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Temporal range: Late Triassic, 231.4–225.9 Ma
Scientific classification e
Kingdom: Animalia
Phylum: Chordata
Class: Reptilia
Order: Aetosauria
Genus: Aetosauroides
Casamiquela, 1960
Type species
Aetosauroides scagliai
Casamiquela, 1960

A. subsulcatus Zacarias, 1982
A. inhamandensis Barberena et al., 1985

Aetosauroides (meaning "Aetosaurus-like") is an extinct genus of aetosaur from the Late Triassic of South America. It is one of four aetosaurs known from South America, the others being Neoaetosauroides, Chilenosuchus and Aetobarbakinoides. Three species have been named: the type species A. scagliai, A. subsulcatus and A. inhamandensis. Fossils have been found from the Ischigualasto Formation and the Santa Maria Supersequence of the late Carnian and early Norian stages, making Aetosauroides one of the oldest aetosaurs.[1]

Aetosauroides was proposed to be synonymous with the genus Stagonolepis in 1996 and 2002.[2][3] Smaller specimens of both species were placed with Stagonolepis robertsoni, and larger specimens were considered to be S. wellesi. This synonymy is not accepted,[1][4][5][6] with several studies identifying unique features that distinguish Aetosauroides from Stagonolepis. Among these are maxillae that do not touch the nostrils, oval-shaped holes on the centra of the vertebrae, and a convex margin of the lower jaw. In a 2011 study, A. subsulcatus and A. inhamandensis were proposed to be synonymous with A. scagliai.[6] A phylogenetic analysis presented by Julia B. Desojo, Martin D. Ezcurra and Edio E. Kischlat in 2012 found that Aetosauroides lies outside Stagonolepididae. If this phylogeny is correct, Stagonolepididae and Aetosauria would not be equivalent groupings, and Aetosauroides would be the first non-stagonolepidid aetosaur.[1]


  1. ^ a b c Julia B. Desojo, Martin D. Ezcurra and Edio E. Kischlat (2012). "A new aetosaur genus (Archosauria: Pseudosuchia) from the early Late Triassic of southern Brazil" (PDF). Zootaxa. 3166: 1–33. ISSN 1175-5326.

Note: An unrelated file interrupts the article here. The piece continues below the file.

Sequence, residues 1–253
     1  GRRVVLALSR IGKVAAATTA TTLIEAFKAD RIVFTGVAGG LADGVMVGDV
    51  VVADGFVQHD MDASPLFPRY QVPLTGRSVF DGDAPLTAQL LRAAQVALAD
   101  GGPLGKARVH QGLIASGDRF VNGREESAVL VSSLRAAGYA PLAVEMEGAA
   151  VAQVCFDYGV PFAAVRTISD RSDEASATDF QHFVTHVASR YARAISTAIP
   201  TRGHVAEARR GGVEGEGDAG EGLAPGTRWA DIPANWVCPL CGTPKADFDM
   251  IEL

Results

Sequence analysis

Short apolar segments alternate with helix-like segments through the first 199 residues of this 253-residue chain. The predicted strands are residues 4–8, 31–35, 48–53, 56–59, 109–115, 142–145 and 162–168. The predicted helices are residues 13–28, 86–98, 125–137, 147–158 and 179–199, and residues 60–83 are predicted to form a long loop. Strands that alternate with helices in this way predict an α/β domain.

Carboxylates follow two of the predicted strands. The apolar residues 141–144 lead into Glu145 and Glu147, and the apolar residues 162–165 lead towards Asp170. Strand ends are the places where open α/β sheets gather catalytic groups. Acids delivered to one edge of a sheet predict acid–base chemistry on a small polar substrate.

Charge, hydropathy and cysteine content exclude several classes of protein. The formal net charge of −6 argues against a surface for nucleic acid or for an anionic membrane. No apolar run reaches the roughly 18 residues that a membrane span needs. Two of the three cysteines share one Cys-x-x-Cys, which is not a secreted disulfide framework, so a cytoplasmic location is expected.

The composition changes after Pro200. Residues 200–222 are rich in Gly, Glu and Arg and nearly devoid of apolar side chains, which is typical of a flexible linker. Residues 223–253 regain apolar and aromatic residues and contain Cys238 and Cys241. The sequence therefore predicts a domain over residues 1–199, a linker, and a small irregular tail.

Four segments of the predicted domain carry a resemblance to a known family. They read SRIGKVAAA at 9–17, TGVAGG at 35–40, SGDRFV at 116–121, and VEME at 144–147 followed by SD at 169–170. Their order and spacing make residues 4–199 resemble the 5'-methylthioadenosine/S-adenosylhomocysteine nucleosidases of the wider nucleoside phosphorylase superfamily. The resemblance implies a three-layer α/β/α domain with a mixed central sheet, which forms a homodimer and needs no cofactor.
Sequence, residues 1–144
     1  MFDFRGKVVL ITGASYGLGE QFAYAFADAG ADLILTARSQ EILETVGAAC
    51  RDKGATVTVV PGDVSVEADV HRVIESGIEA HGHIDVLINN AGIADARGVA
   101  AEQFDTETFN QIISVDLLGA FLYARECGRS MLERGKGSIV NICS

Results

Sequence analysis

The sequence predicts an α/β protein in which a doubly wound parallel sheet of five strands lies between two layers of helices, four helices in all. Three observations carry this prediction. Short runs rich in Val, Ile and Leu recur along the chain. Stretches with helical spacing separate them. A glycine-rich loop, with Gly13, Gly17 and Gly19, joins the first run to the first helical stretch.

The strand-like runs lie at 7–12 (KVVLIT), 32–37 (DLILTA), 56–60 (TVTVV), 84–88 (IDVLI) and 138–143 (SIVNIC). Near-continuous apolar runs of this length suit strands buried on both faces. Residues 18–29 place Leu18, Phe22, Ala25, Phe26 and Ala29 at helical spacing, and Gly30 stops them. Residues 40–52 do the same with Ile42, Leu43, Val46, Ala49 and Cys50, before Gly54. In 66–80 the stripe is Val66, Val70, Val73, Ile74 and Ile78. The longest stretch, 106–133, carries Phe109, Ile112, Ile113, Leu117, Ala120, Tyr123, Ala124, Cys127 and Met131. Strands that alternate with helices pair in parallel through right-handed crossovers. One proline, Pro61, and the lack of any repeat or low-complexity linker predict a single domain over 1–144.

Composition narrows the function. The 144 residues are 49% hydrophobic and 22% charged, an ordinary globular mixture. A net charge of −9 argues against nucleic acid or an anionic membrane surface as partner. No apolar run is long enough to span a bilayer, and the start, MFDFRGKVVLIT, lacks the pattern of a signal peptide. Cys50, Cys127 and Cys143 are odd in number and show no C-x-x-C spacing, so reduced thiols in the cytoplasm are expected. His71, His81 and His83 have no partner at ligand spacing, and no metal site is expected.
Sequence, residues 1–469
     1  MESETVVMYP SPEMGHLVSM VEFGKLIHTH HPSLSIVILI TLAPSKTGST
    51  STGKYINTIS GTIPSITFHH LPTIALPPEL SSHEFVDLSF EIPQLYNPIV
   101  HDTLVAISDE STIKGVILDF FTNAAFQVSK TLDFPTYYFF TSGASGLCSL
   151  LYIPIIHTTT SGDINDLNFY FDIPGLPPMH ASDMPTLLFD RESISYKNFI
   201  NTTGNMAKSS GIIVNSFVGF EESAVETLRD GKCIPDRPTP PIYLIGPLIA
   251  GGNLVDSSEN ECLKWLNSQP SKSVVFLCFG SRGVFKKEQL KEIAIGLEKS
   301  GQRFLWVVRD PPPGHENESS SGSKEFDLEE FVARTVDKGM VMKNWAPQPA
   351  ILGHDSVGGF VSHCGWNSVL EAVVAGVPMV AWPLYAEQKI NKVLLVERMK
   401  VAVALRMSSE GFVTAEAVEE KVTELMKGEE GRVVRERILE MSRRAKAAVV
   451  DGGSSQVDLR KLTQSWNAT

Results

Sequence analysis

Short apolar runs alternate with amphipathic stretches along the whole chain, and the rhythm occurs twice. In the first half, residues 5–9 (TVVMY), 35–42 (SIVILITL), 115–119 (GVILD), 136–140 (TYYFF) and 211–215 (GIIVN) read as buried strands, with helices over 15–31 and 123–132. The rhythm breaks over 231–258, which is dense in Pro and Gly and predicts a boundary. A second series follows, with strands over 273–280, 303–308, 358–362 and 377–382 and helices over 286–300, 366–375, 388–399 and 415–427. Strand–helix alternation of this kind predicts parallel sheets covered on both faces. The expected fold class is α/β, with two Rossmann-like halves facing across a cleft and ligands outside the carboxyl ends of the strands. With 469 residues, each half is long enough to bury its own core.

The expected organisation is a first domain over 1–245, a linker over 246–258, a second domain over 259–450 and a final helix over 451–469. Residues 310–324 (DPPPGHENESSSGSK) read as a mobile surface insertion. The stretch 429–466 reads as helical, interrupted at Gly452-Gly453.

2. ^ Lucas, S.G.; Heckert, A.B. (1996). "Late Triassic aetosaur biochronology" (PDF). Albertiana. 17: 57–64. 
  3. ^ Heckert, A.B.; Lucas, S.G. (2002). "South American occurrences of the Adamanian (Late Triassic: latest Carnian) index taxon Stagonolepis (Archosauria: Aetosauria) and their biochronological significance". Journal of Paleontology. 76 (5): 852–863. doi:10.1666/0022-3360(2002)076<0852:SAOOTA>2.0.CO;2. 
  4. ^ Parker, William G. (2007). "Reassessment of the Aetosaur "Desmatosuchus" chamaensis with a reanalysis of the phylogeny of the Aetosauria (Archosauria:Pseudosuchia)" (PDF). Journal of Systematic Palaeontology. 5: 41–68. doi:10.1017/S1477201906001994. 
  5. ^ Parker, W. G.; Stocker, M. R.; Irmis, R. B. (2008). "A new desmatosuchine aetosaur (Archosauria; Suchia) from the Upper Triassic Tecovas Formation (Dockum Group) of Texas". Journal of Vertebrate Paleontology. 28 (2): 692–701. doi:10.1671/0272-4634(2008)28[692:ANDAAS]2.0.CO;2. ISSN 0272-4634. 
  6. ^ a b Desojo, J.B.; Ezcurra, M.D. (2011). "A reappraisal of the taxonomic status of Aetosauroides (Archosauria, Aetosauria) specimens from the Late Triassic of South America and their proposed synonymy with Stagonolepis". Journal of Vertebrate Paleontology. 31 (3): 596–609. doi:10.1080/02724634.2011.572936.